Weathering the storm in the digital age
By Joy Santamarina
“We’ve been living like cave people,” Attorney General Douglas Moylan said at the Rotary Club of Tumon’s June 27 gathering where he summed up residents’ frustrations over the slow recovery process from the powerful typhoon Mawar.
As of this writing, thousands of residents on Guam were still reeling from the Category 4 storm that hit the island on May 24. With sustained winds of over 150 mph, the typhoon stripped off trees, wrecked beaches, damaged buildings and houses, and cut basic infrastructure like power, water, and telecommunication services.
From a telecommunications infrastructure perspective, the recovery has been dismally slow at best. While Guam is familiar with the impact of storms, the Mawar experience proved to be more challenging. It took place in the digital era when pretty much every aspect of daily living is dependent on online access. The internet outage disrupted residents’ normal routines. Commercial transactions temporarily reverted to a cash-only basis due to businesses’ inability to process debit and credit cards. Banks were closed for more two weeks while ATMs were disabled.
The communication network was disconnected, and phones had no mobile data, leaving most islanders without a platform to connect or even get updates on the situation. Local television and radio stations failed to operate, as well, due to the damage sustained from the storm.
Residents parked in public places where they could catch any available WiFi signals. Hilton Resort and Spa and Agana Shopping Center opened up their establishments to allow residents to tap into their working networks and charge their phones.
None of the major telecommunication companies have completely restored their services. They tried to appease frustrated residents with rolling updates on areas and portions of their services that have been restored, assuring subscribers that they were doing their best.
Frustrated subscribers turned to social media to vent their concerns. In response, all three companies committed to some form of service credits and/or suspension of disconnection or late fees for their affected subscribers. While that may be reassuring, nothing beats having their actual services back.
“A storm of this magnitude, with islandwide power outages complicated restoration efforts. Wherever it was possible, we deployed generators to cell sites to provide service in affected areas,” said Jim Oehlerking, president of IT&E.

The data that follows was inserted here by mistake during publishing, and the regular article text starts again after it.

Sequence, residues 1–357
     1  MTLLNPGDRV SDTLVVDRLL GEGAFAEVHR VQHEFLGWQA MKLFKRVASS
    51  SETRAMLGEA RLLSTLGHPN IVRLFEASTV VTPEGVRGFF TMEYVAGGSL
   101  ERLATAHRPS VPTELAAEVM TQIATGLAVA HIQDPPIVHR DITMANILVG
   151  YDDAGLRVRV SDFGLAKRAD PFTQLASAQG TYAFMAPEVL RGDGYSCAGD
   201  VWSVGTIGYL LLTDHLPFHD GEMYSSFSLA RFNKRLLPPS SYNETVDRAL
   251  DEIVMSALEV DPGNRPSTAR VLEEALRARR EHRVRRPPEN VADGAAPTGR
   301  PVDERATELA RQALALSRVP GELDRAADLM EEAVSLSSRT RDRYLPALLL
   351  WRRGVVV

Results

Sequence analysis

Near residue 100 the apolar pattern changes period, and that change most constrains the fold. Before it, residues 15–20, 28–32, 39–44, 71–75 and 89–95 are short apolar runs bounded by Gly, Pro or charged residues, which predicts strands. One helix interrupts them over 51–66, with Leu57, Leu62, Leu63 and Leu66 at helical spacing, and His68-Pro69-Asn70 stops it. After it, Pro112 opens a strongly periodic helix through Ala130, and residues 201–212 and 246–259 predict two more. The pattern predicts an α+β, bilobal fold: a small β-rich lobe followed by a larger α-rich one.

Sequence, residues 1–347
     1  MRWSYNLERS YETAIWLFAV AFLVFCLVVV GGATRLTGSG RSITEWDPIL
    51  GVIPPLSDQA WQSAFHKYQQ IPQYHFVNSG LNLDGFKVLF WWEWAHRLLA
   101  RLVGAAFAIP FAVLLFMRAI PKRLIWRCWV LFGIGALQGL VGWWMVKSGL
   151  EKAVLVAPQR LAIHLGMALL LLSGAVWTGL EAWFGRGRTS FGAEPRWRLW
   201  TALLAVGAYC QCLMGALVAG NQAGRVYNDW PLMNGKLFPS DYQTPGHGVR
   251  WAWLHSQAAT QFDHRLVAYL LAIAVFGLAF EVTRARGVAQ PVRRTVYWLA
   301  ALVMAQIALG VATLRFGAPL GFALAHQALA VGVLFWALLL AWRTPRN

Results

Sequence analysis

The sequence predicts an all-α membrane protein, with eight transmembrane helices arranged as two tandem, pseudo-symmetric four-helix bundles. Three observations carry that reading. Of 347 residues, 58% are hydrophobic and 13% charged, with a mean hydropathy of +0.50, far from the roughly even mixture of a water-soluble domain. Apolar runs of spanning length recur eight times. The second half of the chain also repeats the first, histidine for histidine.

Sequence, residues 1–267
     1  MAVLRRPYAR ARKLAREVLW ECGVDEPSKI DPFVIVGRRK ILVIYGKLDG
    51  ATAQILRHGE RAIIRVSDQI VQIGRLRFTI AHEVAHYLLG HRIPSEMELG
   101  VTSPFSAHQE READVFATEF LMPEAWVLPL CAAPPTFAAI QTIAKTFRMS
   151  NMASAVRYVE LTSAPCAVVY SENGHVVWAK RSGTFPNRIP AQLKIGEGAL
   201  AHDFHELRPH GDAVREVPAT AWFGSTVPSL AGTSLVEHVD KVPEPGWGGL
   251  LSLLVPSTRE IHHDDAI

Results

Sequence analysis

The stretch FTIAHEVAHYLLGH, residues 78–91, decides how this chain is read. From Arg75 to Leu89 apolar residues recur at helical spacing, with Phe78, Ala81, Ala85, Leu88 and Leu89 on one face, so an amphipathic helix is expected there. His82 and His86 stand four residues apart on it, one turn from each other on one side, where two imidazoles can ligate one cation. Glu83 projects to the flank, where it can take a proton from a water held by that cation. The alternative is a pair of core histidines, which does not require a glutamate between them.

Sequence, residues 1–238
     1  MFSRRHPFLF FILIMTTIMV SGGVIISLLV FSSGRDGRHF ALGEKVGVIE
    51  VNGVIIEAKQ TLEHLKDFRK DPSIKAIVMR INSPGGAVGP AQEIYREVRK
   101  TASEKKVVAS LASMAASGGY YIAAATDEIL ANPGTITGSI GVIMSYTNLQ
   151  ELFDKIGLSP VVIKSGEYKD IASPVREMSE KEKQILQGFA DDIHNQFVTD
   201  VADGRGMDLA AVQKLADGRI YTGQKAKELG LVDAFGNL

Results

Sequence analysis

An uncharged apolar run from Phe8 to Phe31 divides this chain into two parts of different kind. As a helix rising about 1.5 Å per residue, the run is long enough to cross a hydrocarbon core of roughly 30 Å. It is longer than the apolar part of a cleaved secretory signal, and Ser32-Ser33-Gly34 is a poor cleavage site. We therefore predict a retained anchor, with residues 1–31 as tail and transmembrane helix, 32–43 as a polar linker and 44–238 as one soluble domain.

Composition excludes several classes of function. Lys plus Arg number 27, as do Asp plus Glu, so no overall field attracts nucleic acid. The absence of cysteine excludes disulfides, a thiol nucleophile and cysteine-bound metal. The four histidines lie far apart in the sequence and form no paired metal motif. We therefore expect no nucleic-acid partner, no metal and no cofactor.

“In the southern region, in particular, IT&E's fiber network sustained substantial damage from typhoon Mawar and the team worked around the clock to make repairs and optimize the network. From what we see, IT&E came back about a week after the typhoon passed," he added.
Docomo Pacific has set a July 31 target to complete the restoration of its home/business internet services and the optimization of its mobile network quality. The company vowed to accelerate the restoration process with additional off-island resources now on Guam.
“Our network infrastructure spans approximately 900 miles, which definitely took a dedicated team effort to assess damages, and which are going to be tackled in rapid succession with our additional resources now on-island. We thank our Guam Mobile and Field Operations teams for completing these Phase 1 achievements in less than a month,” said Jared Roberto, public relations manager for Docomo.
“Our additional resources include over 80 skilled workers consisting of mobile technicians, fiber and coax technicians, construction linemen and project managers, along with a fleet of over 30 bucket trucks, pick-up trucks, and cable spool trailers. Headcounts are all on-island and a couple of fleets are en route to Guam from the states,” Roberto said.
IT&E said it immediately brought in its CNMI teams and tied up with CalPac to complement its manpower on Guam. The company said it was able to restore the majority of services about a week after the typhoon passed.
Both GTA and IT&E, on the other hand, announced that the majority of their mobile networks were operational but may still experience intermittent services due to rolling power outages. At-home internet/broadband access updates were given on a by-area basis.